Reading Old Wills

 

Wills contain key information about family relationships and can give an insight into the personality of the writer. More and more old wills are now becoming available via online sources. Effort put into deciphering them can bring considerable rewards, as well as satisfaction.

 

At first sight, old documents can be intimidating. But although wills use technical legal language and eschew punctuation, their regular structure and the conventions of wording can be of great help both in orienting yourself, making informed guesses and recognising the letter forms used by a particular clerk. A will usually contains the following elements:

 

§          The name and occupation of a male Testator, or marital status of a female Testatrix, and their abode.

§          The date the will was made and a statement that this is the Testator’s last will and supercedes all others. This section often comes at the end.

§          A statement that, although weak or sick in body, the Testator is of sound mind (‘compos mentis’) and memory.

§          Especially in early wills, the Testator commits his soul to God and his body to the earth whence it came, sometimes specifying where he would like it buried. This committal is often introduced with the Latin tag ‘Inprimis’, or English ‘First’.

§          The Testator moves on to the temporal estate wherewith it hath pleased God to bless him. In earlier wills each legacy begins ‘Item’.

§          A distinction is often made between personal estate, or moveable goods and real estate – land, which the Testator may have rights to by copyhold as a manorial tenant, as a leaseholder, or as a freeholder who actually owns it.

§          Legacies are frequently made to Trustees – kinsmen or well-beloved friends – on trust to manage them in specified ways.

§          There are sometimes quite complex chains of fallback positions in case a legatee dies, especially where a legacy is only to be executed when the legatee attains the age of majority at 21 or marries.

§          The final legacy is of the ‘residue’ – all the remainder of the estate not hereinbefore specifically bequeathed.

§          It is often the ‘residuary legatee’ who is nominated Executor/Executrix of the will. In the 17th century, it is often the wife who is made Executrix. In addition, 17th century Testators generally nominate Overseers – sometimes called Trustees or Executors in Trust – to assist with the execution of the will and ensure that the Testator’s intentions are carried out; they are often given a ring or small legacy for their pains. In 19th century Testators (no doubt guided by the lawyers who were increasingly included as Executors) added a detailed statement excluding the Executors from any loss that occurred, through investments or banks failing, for example.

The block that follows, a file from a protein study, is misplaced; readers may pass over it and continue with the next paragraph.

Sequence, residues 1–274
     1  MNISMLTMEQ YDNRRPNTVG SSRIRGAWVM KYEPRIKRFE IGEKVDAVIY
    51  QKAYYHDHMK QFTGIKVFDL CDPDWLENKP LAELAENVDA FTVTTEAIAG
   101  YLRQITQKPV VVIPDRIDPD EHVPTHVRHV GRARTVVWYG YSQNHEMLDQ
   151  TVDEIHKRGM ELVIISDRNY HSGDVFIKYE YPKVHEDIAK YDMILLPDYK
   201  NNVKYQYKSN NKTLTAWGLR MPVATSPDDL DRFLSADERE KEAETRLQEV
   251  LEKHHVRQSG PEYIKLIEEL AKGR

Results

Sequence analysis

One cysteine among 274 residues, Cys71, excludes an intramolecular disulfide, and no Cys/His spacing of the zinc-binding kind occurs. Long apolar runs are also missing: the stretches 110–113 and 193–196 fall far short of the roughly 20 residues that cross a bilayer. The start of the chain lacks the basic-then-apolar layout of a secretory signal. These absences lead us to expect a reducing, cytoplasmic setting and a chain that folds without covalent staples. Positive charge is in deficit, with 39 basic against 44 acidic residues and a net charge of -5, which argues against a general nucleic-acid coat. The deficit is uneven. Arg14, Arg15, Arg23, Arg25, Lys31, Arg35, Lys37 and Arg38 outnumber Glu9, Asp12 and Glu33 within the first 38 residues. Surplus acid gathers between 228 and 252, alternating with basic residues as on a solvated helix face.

§          The Testator signs, seals and delivers the document, which is normally witnessed by at least two witnesses who are not beneficiaries.

§          Sometimes Testators had afterthoughts – almost as soon as William BAILY had sealed his will in 1811, years later in other cases. Changes were made by one or more Codicils, revoking or adding bequests. In 1845 Elizabeth OLIVE revoked the bequest of the interest on £1,000 stock together with her “trinkets” to her niece Frances in 1842: not presumably because she had died, since that eventuality was catered for in the original will…

§          Sometimes a will was dictated - a ‘nuncupative’ will. In this case or where the will has not been made in due form for some other reason – not properly witnessed, perhaps – an affidavit will be taken from witnesses who can identify the Testator’s writing, for example. This begins “Appeared personally… and made oath that…”

§          The record of probate is in standard form, often in Latin in earlier wills, e.g.

 

This will was proved at London the sixteenth day of October in the year of our Lord one thousand seven hundred and seventy seven before the Right Worshipful Sir George Hay Knight Doctor of Laws Master Keeper on Commission of the Prerogative Court of Canterbury lawfully constituted by the Oath of Robert Turk otherwise Taylor the sole Executor named in the said Will to whom administration was granted of all and singular the Goods Chattels and Credits of the deceased having been first Sworn duly to administer.

 

§          The right of the person granted administration is usually specified by their relationship to the deceased – often ‘Relict’ or widowed partner – and by their being an Executor named in the will or perhaps the Executor of a deceased Executor (in which case it will be a grant of ‘administration with will annexed’). Where only one Executor appears before the court, it reserves the power to grant like rights of administration to them if they so request. It will also say if one or more Executors has renounced their right to administer the estate.

§          In some cases a subsequent grant is made ‘de bonis non administratis’ – of goods not dealt with by a previous Executor.